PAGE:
Wednesday, February 28, 2007

The Return of Benjamin Netanyahu

(image via midwinter)

Israeli politics is so dizzyingly volatile that an election can turn in the space of a single event. It is enough to give an astute Middle East election watcher a case of cognitive vertigo. Add terrorist bombs to the event, and you get an idea, however slight, of the role Hazard plays in that dangerous part of the world. Americans thought the Reversal of Fortune of George Bush 41, from 90-plus percent approval rating post First Persian Gulf War to electoral defeat in a 3-way dance was astonishing; that's nothing in Israeli politics. And a politician all but dead can be resurrected. Such, we belive, is the case with the impossibly ambitious Thumoeideutically charged Benjamin Netanyahu, last seen in crushing defeat at the hands of Ariel Sharon, now, presently, on the rise, comparing the rise of Persia to the Rise of Hitler's Nazi Party, circa 1938. From the Financial Times:

"Mr Netanyahu has emerged as Israel’s most prominent hawk in the debate on how to deal with Iran’s perceived threat. He has claimed, in the US and Israel, that Mahmoud Ahmedinejad, the Iranian president, is planning a second Holocaust and warned: 'It’s 1938 and Iran is Germany.'

"Ehud Olmert, the Israeli prime minister and a long-term political rival, has attempted to dampen such rhetoric by stating that Israel is committed to an international diplomatic solution to the Iranian crisis.

"Condoleezza Rice, the US secretary of state, indirectly rebuked Mr Netanyahu when she this month said of his 1938 reference: 'I am fond of historical analogies, but not that fond.'"

Neither are we, quite frankly. Netanyahu's Thumoeidetic ambitions are well-known and particularly cloying as they smack of blatant opportunism. Ahmedinejad's ratcheting up of the rhetoric now, even as the Democrats in Congress are trying to apply brakes to Iran War Talk (For further reference, see: Joshua Muravchic), are immensely distressing, especially considering it all in the light of Seymour Hirsch's meticulously researched New Yorker Essay. Is this all, however, "tough talk" in order to force a diplomatic resolution from Persia (The Corsair pours himself a St. Emillion Chateau Monbousquet 1998)?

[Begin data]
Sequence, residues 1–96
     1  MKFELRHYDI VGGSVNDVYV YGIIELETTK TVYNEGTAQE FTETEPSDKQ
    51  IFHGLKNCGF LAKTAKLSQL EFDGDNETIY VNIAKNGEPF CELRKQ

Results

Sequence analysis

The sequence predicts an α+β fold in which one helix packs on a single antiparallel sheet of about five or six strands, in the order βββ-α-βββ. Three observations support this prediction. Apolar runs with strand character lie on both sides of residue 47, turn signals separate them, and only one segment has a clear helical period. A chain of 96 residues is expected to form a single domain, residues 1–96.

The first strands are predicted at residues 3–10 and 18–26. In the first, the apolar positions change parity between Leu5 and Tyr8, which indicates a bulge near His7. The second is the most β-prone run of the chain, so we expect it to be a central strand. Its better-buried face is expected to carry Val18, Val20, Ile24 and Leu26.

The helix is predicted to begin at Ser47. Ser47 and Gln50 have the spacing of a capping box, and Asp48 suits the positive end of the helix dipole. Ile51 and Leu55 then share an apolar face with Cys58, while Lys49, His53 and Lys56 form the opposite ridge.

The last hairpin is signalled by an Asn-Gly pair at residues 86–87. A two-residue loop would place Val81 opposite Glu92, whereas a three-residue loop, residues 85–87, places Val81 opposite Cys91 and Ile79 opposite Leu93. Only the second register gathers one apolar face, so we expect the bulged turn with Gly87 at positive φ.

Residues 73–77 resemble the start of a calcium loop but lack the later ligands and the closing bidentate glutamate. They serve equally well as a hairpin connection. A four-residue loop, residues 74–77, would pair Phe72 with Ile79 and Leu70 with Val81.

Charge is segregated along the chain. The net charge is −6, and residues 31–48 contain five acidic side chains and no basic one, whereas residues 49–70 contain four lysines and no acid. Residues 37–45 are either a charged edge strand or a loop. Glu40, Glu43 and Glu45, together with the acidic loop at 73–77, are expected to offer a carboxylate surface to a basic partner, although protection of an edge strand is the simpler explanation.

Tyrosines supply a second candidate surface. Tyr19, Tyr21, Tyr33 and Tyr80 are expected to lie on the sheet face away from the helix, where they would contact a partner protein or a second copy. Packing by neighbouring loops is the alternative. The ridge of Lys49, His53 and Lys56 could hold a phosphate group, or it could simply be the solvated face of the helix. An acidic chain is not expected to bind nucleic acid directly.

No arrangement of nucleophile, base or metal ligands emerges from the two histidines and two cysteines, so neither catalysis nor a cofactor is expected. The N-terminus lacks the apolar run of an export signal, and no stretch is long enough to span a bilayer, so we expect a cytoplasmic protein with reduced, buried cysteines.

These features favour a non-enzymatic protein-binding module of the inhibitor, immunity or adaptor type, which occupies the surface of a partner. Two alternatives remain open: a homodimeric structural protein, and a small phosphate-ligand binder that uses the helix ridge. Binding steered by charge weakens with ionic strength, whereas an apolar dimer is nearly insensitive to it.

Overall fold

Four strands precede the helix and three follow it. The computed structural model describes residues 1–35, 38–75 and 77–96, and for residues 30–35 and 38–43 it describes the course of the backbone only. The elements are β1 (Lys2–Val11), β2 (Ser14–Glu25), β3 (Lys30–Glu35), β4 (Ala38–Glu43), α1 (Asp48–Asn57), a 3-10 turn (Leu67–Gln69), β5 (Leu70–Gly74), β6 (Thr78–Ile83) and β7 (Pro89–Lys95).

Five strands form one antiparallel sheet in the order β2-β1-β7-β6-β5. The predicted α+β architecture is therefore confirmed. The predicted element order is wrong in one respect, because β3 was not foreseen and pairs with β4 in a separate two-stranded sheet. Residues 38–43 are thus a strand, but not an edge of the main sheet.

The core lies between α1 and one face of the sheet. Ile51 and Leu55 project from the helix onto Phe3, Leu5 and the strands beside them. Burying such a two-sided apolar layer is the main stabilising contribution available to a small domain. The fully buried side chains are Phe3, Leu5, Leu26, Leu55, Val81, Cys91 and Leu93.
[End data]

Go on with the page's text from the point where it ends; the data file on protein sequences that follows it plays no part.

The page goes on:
This weekend Ahmedinejad, clearly relishing his role as King of all Shi'ites, likened Iran to a train that has thrown away the brakes and is in a state of constant forward motion. That is dispiriting talk to say the least, one that almost conjures, perhaps, in the sensitive mind the dynamism of the swastica. And now, Netanyahu, who is, quite frankly, far too hard right-wing and disgustingly opportunistic for my tastes (for further reference: see the opportunistic politicization of what historians of the future will call Sharon's Noble Gaza Withdrawal). But Ohlmert is damaged beyond salvation, and that is not including the growing corruption charges that threatens to erode the platform very he stands on beyond repair. Let's face it: The Kadima Party was Ariel Sharon, a cult of personality; and the Israel-Hezbollah War "tie" -- the state of Israel's first military stalemmate (hostilities ceased by order of the United Nations Security Council 1701), and, no doubt, existentially distressing -- all but finished Ohlmert politically. It just hasn't registered with him yet.

Where are the voices of Moderation? What of a return of Ehud Barak, which we have been hearing about for some time. He would be a perfect ideological counterbalance to Netanyahu.

Barak, while very ambitious, has the military credentials to challenge Netanyahufrom the Center. We need Centrist thinking in Tel Aviv right now, not the further ratcheting of tensions from the reactionary Right. Prince Bandar and the Sunni Kingdoms are already on board from the looks of the flawed-but-possibly-useful Mecca Accords. Ohlmert is useless as he has little if any domestic support. But Ehud Barak (if he were elected), by virtue of his military record, might be able make a solid deal with the Sunni Kingdoms and domestically convince the long suffering israeli people. Possibly. But what to do about Netanyahu? Also, from Phil Zabriskie of the Time Magazine blog:

"What to do about Iran? A huge issue in Israel, it was taken up this morning by former Prime Minister and current Knesset Member Benjamin Netanyahu at a briefing he gave for diplomats and journalists. Netanyahu is known as a hardliner. He leads the opposition against Ehud Olmert and his own ambitions of being Prime Minister again one day are plain to see. He has friends in high places in Washington. All of that, and the number of ambassadors who answered his call this morning indicate that his thoughts on the matter are not irrelevant.

"With great conviction, Netanyahu asserted that Iran was the greatest threat to security in the world today, akin to Hitler in 1938 but more dangerous because of its desire to attain and, he said, use nuclear weapons. He implied the views and statements of Iranian President Mahmoud Ahmadinejad were representative of the entire Iranian political establishment, which is questionable given the indications of discontent with him at street level and the amongst the ruling Ayatollahs. He said the Iran issue had to be addressed before an Israeli-Palestinian agreement could be reached, because a nuclear-armed Iran could undermine any deal made, which sounds somewhat like an excuse for not trying. He elided the threat of a nuclear-armed Iran with the threat of a nuclear-armed al Qaeda, using them interchangeably to make his points, speaking as if they were in the same camps."

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